Update Central

Deciding not to do placement. Bad decision? It could be. Wrong decision? It might be. Wise decision? For now – at least. I am most certainly not stopping teaching, as it is what I really do love. However, the time doesn’t work out to do placement and various circumstances have led me to this choice. (Dundee University, you need to know that you’re amazing and play zero part in this!)

It’s not been a decision that I’ve taken after having a headache one day. Nope. To be honest, I’ve already investigated the routes into teaching after leaving at the end of third year – and yes, there are options. I’m a tad disappointed as yes… there is nothing better than making a difference to a child’s life. However, my days in practice are not concluded come April next year. The lanyard may travel in zigzag but returning is on my agenda. Somehow.
And so how will I continue?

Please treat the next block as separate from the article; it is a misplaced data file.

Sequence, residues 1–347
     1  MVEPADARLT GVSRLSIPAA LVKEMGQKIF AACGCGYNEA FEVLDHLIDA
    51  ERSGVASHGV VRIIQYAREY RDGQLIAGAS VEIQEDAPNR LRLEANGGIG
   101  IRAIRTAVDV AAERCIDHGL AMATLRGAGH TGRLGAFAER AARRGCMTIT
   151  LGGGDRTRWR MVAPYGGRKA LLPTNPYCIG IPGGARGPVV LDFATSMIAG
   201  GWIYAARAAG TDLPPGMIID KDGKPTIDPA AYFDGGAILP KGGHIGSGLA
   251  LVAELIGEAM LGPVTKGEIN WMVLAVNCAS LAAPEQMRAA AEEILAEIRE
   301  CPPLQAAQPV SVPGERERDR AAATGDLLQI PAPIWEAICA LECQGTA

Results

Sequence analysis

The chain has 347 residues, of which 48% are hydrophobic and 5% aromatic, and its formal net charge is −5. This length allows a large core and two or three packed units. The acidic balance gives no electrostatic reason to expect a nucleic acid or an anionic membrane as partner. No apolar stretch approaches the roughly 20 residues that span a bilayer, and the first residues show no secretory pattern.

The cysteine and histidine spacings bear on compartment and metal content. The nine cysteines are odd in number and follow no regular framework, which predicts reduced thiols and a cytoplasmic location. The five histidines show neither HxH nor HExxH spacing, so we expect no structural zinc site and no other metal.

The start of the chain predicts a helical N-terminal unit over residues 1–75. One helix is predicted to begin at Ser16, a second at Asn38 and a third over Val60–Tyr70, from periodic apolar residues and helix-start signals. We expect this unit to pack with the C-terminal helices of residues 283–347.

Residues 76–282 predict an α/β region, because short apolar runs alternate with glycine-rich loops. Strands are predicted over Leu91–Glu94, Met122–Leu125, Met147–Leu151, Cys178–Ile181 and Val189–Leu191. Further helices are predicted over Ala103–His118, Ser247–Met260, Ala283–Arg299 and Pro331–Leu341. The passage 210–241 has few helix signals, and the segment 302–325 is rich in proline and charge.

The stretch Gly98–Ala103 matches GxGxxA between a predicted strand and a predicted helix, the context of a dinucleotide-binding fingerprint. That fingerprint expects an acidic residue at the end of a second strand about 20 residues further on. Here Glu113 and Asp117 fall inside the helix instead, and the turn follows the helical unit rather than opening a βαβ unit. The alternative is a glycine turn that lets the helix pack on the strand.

The blog has always been a crucial part of my journey. It has been. It still is. It will be. I may have to end my GLOW account with Dundee – most likely. Yet, there is now a new updated site (so my writing world isn’t over). Don’t cry, Claire… blogging can continue. The ability to check myself against different professional GTCS standards will remain online! Yipee! Future plan… when I graduate (in the foreseeable future)…I can look back at how my teaching has improved. It seems as if I will have to apply for the post-graduate option somewhere! However by that stage, I hope to have experience that will make me an owl of a teacher (with glasses because a -5 prescription calls for that!) I have looked into options whilst studying with Open University. Here they are: